Seventy eight (78) of the 413 male witnesses described being in long-term relationships that were marked by difficulties related to their own behaviour and personality traits such as the need to be alone, difficulty expressing affection, physical and verbal aggression, sexual difficulties, moodiness and an inability to provide materially for their families: It’s a darkness that they gave me. I live alone, my family don’t come near me.... My children don’t know me. ... I couldn’t relate in a normal context to my family. I didn’t know when I married my wife that I wasn’t capable of being a husband, I was 19. ... I knew I was not good enough.... I was no father at all. I remember asking “why, why did this happen to me?” • I have 2 families... (children with 2 partners)...I find it hard to stay in the relationship. That’s it, that’s the problem. I can’t seem to settle down for long, you want to be on your own a lot. Some nights when I’m home I stay in my room a lot, I like to be on my own. I never talk about it I keep it all to myself. I never see anyone from the school, it would remind you too much of it. I do get depressed at times.


One hundred and forty four (144) witnesses, 60 male and 84 female, reported that their marriages had broken down. Domestic violence, combined with emotional and sexual difficulties, was cited as a precipitating factor in most of these instances. Seventy eight (78) of those witnesses, 35 male and 43 female, were separated and the other 66 witnesses said that their marriages had ended in divorce.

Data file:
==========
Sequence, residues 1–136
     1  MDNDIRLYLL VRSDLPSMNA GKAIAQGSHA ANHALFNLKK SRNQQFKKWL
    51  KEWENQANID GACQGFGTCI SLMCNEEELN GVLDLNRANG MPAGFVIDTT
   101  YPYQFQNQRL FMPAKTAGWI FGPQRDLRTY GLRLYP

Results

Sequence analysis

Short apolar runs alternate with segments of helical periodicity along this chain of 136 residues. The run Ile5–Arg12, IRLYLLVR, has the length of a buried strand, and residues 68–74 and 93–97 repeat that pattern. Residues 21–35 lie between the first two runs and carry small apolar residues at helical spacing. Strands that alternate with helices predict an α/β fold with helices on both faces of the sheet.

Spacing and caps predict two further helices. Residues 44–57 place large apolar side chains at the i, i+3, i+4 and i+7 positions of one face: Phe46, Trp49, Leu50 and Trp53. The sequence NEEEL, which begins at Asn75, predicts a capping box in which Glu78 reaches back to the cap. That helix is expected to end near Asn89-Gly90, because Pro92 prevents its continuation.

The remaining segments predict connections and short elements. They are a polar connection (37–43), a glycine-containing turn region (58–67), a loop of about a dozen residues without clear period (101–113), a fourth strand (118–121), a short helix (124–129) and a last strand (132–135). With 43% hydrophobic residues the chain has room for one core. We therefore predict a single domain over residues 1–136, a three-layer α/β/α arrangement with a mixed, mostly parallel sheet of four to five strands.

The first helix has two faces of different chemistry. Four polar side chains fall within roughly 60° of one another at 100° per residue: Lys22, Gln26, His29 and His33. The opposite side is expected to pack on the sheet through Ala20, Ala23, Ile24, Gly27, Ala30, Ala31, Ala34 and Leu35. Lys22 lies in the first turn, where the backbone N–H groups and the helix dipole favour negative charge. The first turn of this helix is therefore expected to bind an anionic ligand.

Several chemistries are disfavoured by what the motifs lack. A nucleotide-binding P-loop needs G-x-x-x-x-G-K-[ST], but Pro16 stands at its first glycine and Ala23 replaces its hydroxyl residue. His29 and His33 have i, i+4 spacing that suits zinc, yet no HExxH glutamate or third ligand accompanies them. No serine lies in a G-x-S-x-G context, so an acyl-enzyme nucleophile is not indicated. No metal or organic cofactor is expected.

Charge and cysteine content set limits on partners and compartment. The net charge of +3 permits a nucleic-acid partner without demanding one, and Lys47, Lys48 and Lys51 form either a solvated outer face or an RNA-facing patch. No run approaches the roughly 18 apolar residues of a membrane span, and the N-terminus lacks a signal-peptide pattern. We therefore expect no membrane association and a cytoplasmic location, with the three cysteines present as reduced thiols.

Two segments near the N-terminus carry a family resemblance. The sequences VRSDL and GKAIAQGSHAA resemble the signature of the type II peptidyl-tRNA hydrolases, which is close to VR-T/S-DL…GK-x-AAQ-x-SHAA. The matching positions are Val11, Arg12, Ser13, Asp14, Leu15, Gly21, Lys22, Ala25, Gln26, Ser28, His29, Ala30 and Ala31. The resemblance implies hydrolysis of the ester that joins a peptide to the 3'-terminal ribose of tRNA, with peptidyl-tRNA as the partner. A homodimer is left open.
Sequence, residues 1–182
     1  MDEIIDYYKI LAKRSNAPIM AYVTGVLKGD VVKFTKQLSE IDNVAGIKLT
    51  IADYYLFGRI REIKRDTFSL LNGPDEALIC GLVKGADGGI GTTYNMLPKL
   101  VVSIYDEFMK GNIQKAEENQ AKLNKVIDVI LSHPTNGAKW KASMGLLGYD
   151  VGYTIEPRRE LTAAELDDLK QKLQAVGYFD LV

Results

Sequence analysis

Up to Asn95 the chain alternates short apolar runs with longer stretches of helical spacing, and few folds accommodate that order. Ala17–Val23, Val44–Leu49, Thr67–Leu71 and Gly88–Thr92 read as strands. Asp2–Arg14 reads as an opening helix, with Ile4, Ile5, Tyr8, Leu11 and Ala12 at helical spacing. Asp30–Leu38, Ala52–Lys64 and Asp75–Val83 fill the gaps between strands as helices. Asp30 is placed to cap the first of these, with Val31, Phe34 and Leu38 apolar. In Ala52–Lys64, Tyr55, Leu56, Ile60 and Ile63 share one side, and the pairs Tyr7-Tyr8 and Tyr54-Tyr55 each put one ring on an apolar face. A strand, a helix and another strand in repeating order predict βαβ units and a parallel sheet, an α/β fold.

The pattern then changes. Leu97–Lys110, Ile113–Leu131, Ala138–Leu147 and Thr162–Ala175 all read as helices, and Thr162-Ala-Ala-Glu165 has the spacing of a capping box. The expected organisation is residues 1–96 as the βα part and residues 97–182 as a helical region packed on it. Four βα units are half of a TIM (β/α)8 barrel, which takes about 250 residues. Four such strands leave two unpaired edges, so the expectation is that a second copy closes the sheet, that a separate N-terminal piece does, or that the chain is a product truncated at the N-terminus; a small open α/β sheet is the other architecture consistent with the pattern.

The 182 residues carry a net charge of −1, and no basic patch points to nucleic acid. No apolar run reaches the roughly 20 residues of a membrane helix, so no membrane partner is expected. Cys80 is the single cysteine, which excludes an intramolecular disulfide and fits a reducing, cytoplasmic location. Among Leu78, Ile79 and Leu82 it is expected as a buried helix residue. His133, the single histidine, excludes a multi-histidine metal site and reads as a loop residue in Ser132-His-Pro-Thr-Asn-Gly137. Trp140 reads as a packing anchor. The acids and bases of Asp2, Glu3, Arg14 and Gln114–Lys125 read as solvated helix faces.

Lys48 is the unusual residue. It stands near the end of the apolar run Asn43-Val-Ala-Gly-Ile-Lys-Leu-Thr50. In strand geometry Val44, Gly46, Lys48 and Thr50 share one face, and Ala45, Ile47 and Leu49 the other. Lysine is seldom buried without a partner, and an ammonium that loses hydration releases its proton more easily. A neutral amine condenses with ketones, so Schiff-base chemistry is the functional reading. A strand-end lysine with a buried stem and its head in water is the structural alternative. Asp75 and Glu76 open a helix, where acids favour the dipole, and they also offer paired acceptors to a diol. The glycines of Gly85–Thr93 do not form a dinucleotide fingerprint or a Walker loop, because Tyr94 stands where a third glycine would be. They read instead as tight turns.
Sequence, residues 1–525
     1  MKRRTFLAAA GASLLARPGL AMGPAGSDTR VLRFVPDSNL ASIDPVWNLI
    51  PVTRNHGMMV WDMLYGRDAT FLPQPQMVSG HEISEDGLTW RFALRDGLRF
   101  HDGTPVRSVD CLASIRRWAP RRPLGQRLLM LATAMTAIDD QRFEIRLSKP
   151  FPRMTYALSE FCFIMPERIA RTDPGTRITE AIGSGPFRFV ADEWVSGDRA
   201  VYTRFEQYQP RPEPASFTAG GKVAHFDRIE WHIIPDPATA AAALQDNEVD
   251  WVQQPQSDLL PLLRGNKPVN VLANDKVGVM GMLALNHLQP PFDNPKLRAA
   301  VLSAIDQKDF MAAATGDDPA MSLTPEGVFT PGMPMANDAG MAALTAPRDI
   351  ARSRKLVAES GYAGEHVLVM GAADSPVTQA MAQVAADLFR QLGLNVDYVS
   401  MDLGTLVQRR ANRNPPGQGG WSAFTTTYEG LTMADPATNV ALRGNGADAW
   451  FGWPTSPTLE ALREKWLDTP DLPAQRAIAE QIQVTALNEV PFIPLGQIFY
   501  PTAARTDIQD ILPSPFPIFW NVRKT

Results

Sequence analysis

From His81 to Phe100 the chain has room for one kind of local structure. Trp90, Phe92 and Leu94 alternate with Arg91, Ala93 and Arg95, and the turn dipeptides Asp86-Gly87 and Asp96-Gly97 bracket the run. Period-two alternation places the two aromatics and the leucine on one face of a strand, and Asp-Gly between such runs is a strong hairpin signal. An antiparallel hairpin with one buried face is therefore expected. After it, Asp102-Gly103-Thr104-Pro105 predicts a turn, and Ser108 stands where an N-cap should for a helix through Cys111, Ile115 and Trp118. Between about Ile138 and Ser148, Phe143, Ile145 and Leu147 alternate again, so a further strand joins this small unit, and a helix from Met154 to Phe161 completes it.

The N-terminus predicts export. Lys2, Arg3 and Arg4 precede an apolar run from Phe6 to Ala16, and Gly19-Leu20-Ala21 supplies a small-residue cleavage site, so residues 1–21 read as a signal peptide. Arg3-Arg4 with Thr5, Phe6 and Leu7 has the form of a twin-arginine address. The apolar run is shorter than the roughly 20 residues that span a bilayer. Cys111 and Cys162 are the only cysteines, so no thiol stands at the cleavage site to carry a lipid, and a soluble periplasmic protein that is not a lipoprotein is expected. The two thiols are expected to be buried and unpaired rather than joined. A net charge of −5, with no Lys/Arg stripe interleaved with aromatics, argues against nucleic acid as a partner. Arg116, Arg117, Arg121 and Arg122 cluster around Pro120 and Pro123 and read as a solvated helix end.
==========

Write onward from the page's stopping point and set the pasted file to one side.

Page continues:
Violence was reported to be a significant feature in the relationships of both male and female witnesses. Sixty seven (67) male witnesses stated that their relationships were dominated by their physically abusive behaviour towards their partners, and 49 of those witnesses stated that their violent behaviour was associated with alcohol abuse. Thirteen (13) other male witnesses reported that their marriages, either current or previous, had been marked by their violent behaviour but that time and intervening circumstances had facilitated change and that their relationships had improved.